MEXICO CITY Dec 04, 2007 (Dow Jones Newswires)
Mexico's giant Cantarell oil field has been a sore spot for state-run oil giant Petroleos Mexicanos ever since output began to fall in 2004.
Mexican oil production is down 13% since its peak in late 2003, primarily due to Cantarell's steep decline. This rattled politicians and oil officials in a country historically dependent on crude exports for state spending.
But Cantarell has recently had glowing success in natural gas, which helped mitigate declining oil production. Gas output at the elephant field is up 40% since January, contributing to an 11% rise in Mexico's total gas production during the first 10 months of this year.
The gas, however, isn't primarily for sale.
"Most of (the gas) is re-injected," said Pemex exploration and production chief Carlos Morales. Pumping the gas back into other parts of Cantarell increases pressure within the reservoir, helping to improve oil extraction rates.
Last year was particularly bad for Cantarell, with oil output tumbling by 500,000 barrels, or 25%, to 1.5 million barrels a day. Production has leveled off this year at around that level, except for August and October when bad weather forced Pemex to shut in production at part of the complex.
The slower rate of declining oil output coincides with rising gas production. Morales said the company is tapping gas in a 50-meter-deep layer of the reservoir known as the transition zone, located at the border between lighter natural gas molecules and the heavier crude oil deeper in the field.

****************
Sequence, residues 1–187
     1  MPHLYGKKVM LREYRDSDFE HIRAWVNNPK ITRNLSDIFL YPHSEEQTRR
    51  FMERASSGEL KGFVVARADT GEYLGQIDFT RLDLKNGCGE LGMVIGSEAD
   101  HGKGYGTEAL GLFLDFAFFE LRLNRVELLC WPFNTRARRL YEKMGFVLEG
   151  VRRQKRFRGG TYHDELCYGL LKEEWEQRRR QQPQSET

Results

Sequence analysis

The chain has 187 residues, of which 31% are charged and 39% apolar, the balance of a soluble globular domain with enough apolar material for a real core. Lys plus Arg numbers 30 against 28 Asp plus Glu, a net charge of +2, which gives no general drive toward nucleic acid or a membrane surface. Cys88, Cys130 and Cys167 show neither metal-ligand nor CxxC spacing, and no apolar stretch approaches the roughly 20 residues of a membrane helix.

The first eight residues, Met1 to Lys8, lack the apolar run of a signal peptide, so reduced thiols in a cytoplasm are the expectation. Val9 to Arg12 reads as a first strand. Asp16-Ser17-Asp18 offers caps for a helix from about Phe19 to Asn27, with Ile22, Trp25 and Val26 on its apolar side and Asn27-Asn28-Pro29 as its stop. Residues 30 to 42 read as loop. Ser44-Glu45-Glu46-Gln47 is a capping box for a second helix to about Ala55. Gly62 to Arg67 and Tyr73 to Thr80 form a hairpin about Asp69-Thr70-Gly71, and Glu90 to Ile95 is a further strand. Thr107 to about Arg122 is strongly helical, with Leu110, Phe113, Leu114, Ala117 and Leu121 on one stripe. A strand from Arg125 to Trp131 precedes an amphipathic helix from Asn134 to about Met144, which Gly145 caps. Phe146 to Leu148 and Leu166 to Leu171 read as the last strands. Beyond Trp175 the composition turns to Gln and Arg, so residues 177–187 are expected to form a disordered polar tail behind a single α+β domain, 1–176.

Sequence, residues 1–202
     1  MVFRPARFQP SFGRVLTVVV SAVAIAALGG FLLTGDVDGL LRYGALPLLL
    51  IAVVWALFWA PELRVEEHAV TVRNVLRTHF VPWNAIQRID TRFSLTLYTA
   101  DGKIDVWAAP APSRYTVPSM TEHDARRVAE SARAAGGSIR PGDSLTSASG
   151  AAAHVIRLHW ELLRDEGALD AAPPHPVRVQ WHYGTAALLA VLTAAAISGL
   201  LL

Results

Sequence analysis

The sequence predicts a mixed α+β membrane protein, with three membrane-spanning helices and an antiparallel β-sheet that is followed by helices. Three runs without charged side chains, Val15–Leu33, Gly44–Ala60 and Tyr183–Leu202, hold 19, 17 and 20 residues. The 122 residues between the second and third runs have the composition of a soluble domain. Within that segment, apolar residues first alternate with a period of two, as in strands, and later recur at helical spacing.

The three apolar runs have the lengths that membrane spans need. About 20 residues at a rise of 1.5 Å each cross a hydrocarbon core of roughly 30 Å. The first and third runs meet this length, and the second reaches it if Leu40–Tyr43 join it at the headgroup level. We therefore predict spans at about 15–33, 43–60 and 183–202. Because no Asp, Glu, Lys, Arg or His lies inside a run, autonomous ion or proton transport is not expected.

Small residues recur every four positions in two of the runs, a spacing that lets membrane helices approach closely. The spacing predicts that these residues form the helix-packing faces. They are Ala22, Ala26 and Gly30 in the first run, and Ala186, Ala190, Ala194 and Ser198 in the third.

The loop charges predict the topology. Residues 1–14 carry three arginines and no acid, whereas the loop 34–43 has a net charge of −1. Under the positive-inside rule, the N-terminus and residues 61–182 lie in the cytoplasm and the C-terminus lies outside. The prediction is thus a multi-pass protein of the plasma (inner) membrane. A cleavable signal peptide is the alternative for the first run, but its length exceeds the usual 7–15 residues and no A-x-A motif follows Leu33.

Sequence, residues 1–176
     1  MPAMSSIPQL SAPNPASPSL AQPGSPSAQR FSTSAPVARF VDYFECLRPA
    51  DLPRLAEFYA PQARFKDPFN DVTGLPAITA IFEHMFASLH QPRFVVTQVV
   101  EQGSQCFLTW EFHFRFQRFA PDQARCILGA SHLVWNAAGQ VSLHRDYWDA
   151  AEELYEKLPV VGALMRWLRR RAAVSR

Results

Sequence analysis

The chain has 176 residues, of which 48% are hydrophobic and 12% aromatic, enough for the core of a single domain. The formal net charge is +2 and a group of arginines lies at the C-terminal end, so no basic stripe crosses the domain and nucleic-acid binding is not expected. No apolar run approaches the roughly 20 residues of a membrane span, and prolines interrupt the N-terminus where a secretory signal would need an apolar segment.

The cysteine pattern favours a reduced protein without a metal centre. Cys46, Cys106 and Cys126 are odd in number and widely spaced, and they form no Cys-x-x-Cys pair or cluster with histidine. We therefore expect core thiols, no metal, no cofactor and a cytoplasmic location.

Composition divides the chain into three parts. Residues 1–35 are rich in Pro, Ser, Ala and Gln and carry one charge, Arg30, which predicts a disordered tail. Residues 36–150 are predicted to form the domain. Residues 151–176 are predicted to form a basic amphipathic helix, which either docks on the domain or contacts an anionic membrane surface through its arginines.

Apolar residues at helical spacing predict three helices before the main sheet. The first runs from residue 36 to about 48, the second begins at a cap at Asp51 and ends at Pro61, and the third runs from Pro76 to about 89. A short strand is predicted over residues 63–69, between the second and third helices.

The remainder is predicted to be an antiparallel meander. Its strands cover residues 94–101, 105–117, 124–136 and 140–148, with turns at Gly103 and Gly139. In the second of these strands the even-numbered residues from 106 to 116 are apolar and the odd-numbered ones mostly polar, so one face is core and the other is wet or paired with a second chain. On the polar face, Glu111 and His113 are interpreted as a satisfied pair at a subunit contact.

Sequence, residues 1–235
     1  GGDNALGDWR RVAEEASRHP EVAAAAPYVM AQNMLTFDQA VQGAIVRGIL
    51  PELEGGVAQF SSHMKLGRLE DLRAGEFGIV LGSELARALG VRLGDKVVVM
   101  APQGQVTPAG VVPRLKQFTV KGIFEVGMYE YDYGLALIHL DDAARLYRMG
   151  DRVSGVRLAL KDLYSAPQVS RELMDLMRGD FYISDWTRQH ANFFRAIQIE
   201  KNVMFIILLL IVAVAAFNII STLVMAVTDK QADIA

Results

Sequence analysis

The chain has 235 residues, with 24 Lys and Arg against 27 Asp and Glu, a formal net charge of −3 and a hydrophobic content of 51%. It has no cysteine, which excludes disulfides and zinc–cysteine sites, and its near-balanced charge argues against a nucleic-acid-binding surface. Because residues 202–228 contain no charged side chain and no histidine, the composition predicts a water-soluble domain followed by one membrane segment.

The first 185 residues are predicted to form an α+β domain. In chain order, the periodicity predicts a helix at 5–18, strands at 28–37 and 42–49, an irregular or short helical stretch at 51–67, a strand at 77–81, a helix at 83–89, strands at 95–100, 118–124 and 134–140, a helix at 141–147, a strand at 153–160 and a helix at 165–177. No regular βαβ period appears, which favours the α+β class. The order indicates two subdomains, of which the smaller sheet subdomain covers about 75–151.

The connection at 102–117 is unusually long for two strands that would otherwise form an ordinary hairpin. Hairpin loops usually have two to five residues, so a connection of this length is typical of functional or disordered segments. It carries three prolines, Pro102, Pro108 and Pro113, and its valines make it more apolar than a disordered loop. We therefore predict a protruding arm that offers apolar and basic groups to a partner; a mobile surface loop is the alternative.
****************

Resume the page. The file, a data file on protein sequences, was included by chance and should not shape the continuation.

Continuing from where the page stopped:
Two industry experts consulted by Dow Jones Newswires, who asked not to be named, said Pemex could be drying out the reservoir at an accelerated pace in an attempt to stabilize output levels. Increasing gas injection will allow Pemex to produce at higher volumes, but will shorten the life of the oil field.
Despite the recent success with re-injecting gas, longer-term prospects for Cantarell remain dim. According to company numbers provided in late August, Cantarell's output is expected to slide by a third to 943,000 barrels a day by 2010.
Pemex hopes to compensate by increasing production at more expensive oil fields, such as Chicontepec, that it neglected during Cantarell's boom years. The Felipe Calderon administration hopes to maintain oil output at around 3.1 million barrels a day for the next five years, and will have to tap new fields to do so, even if Cantarell's steep decline rates start to ease.
In October, Cantarell's natural gas output was at 1 billion cubic feet a day, nearly a sixth of the country's total gas production.
Overall Mexican natural gas output has risen more than 40% since 2003 to a record of 6.3 billion cubic feet in October, but is expected to peak at around 7 billion in 2011.
Much of that does indeed make it to market, and the rise in production has already eased Pemex's import bill this year. In the third quarter of 2007, natural gas imports averaged 423 million cubic feet a day, 14.5% less than those recorded during the same period in 2006, due primarily to higher natural gas production, said the company in a recent earnings report.
Copyright (c) 2007 Dow Jones & Company, Inc.
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